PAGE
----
President Donald Trump has said he’s “looking forward” to the prospect of sitting down with Special Counsel Robert Mueller. But according to a New York Times report Monday, his private legal team is vehemently urging him to decline any invitation to talk to Mueller.
Negotiations are continuing. But constitutional law experts told TPM that if the White House does choose defiance and Mueller responds with a subpoena, it would likely set up a high-stakes legal showdown—one in which the special counsel might have the upper hand.
A decision by the White House to reject Mueller’s request for a voluntary interview would signal a clear shift in the Trump legal team’s game plan from cooperation to delay.
“If they’re sort of pushing Mueller into a corner where he has to file a subpoena and Trump refuses to comply with the subpoena, they’re switching tracks to a whole new strategy of delay,” said Jens Ohlin, an executive privilege expert at Cornell Law School. “They just want to prevent Mueller from completing his investigation. Which on the one hand is bad for Trump because it keeps the Russia investigation hanging over his head in perpetuity. But, on the other hand, it keeps Trump away from Mueller, and keeps him out of any kind of danger.”
The Times reported that the legal team is split. White House lawyer Ty Cobb is reportedly continuing to argue for full cooperation while Trump’s private attorneys, Jay Sekulow and John Dowd, who is leading discussions with Mueller’s office on the issue, are arguing against a sit-down interview. Trump frequently makes false statements, and Sekulow and Dowd are concerned that talking to Mueller could expose him to charges of lying to investigators, the Times reported.
Asked for comment, both sets of lawyers sent TPM the same statement: “The active discussion between the OSC and the president’s personal lawyers regarding how and under what terms information will be exchanged are understandably private.”
If Trump ultimately declines an interview with Mueller, things could escalate quickly, legal experts said.
Mueller’s team would likely issue a subpoena asking a court to compel the president to appear before the grand jury. Trump might then comply and take the stand, where he could take the politically risky step of pleading the Fifth or telling the jury he does not recall the answers to key questions. More likely, Trump’s legal team would move to quash the subpoena, arguing that a sitting president shouldn’t be required to take time and resources away from his official duties to be questioned in an ongoing criminal investigation, and that Mueller’s queries extend beyond his mandate to investigate Russian interference in the 2016 election.
After a round of litigation in district court, the matter would likely then go to the D.C. Court of Appeals and all the way up to the U.S. Supreme Court.
History offers some pointers on the legal question of whether the president can be forced to testify in civil or criminal litigation. But past commanders-in-chief have either left office before doing so, as Richard Nixon did in the midst of the Watergate scandal, or ultimately agreed to voluntary interviews, as Bill Clinton did with the Paula Jones sexual harassment case and George W. Bush did during the Valerie Plame affair.
Randall Samborn, a spokesman for Special Counsel Patrick Fitzgerald’s investigation into the Plame leak, said the closest precedent was the 1974 US v. Nixon Supreme Court ruling that forced the former president to comply with a special prosecutor’s subpoena to turn over his Oval Office tapes.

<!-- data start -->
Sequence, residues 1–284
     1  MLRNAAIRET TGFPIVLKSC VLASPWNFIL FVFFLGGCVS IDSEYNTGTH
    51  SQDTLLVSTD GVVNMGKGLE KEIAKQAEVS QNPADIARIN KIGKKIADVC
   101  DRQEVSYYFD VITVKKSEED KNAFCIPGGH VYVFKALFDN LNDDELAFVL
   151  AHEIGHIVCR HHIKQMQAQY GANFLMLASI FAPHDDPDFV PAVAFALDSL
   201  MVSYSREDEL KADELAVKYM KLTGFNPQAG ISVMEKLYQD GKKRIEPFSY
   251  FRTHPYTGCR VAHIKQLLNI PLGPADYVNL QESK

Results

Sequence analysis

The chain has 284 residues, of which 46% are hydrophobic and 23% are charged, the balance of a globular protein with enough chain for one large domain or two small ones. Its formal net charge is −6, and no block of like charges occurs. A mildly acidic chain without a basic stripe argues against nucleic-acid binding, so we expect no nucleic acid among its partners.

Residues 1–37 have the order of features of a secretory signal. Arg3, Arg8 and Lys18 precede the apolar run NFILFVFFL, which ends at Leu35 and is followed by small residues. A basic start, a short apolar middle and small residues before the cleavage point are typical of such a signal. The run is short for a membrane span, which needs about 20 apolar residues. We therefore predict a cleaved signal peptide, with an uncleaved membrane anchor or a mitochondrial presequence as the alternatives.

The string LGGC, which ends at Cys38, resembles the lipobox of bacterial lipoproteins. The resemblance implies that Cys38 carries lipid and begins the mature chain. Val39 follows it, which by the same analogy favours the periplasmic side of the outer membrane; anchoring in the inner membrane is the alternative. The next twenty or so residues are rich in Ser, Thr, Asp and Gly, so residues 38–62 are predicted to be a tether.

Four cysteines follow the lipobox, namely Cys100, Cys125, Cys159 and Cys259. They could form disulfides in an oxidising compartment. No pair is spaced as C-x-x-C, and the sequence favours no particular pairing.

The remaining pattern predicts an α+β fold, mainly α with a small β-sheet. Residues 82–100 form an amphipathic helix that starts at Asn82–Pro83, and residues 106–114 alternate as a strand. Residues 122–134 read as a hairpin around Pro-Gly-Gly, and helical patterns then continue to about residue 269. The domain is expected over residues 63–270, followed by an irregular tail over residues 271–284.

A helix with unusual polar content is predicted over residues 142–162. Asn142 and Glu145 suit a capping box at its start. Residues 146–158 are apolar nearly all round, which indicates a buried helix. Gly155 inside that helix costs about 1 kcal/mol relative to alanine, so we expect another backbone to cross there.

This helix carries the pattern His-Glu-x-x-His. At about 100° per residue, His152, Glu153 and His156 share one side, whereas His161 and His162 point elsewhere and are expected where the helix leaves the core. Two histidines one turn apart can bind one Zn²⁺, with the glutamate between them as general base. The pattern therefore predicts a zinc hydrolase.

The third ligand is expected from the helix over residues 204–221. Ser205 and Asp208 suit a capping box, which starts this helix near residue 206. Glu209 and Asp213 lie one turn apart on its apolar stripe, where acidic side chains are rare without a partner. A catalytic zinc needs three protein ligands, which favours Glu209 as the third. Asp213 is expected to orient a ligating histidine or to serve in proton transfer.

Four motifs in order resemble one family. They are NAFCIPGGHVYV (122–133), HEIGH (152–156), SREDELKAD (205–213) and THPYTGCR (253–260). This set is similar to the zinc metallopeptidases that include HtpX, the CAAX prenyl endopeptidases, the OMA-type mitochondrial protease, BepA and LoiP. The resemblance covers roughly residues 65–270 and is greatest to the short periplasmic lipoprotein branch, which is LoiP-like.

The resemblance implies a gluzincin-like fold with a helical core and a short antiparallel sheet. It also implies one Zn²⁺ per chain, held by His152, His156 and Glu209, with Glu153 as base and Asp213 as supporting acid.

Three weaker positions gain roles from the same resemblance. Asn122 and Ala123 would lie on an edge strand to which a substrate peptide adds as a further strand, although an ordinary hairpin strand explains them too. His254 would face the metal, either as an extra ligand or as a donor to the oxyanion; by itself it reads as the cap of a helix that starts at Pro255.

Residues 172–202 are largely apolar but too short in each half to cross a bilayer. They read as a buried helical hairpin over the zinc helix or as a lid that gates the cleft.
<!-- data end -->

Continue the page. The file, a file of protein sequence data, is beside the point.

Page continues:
The Nixon ruling “makes it compelling for Mueller to obtain presidential testimony under the theory that nobody is above the law, which I think is pretty sound,” Samborn told TPM. “But I also think there continue to be arguments that can and will be made that [special counsel] questioning can’t be open-ended and has got to be narrowly tailored.”
“There has to be specific material in mind that’s unattainable in other ways,” Samborn added. “So I do see it as shifting the burden on Mueller to have to justify the necessity.”
Matters touching on obstruction of justice and Trump’s state of mind would qualify, legal experts told TPM. Those topics are critical to Mueller’s investigation and can only be answered by the president himself, superseding any claims of executive privilege.
“I’m not sure how he could invoke a privilege that would categorically shield him from at least entertaining some questions,” Steve Vladeck, a constitutional law expert at the University of Texas School of Law, told TPM.
Past presidents have argued that there’s a legitimate need to maintain the confidentiality of their executive duties. But those arguments may not be in play here, Vladeck noted. The Times reported that Trump’s attorneys are instead concerned that this particular president will lie or contradict himself under oath, as he so often does in public.
“It’s like self-protection as opposed to institutional preservation,” Vladeck said. “That’s why I think if or when this gets into court the odds are still on Mueller’s side.”
But even if refusing to testify might not be a winning legal strategy, it could make sense politically for Trump. The president’s allies can continue to argue that Mueller is luring him into a perjury trap, knowing that he has a penchant for misstatements and outright falsehoods.
“It’s a way of explaining away why he’s not going to be transparent,” Ohlin said.
And by attacking the credibility of the FBI, DOJ, and Mueller investigation, Trump’s defenders can make the case that there is no reason for him to cooperate with what they argue is a fundamentally compromised probe.
“They’re creating a second pathway by saying, ‘We thought it would be over but it’s not, so clearly it’s an investigation run amok,’” Samborn said. “‘We have no choice but to litigate whether this is even necessary.’”
“It’s like rolling the dice,” Samborn added. “What do they have to lose?”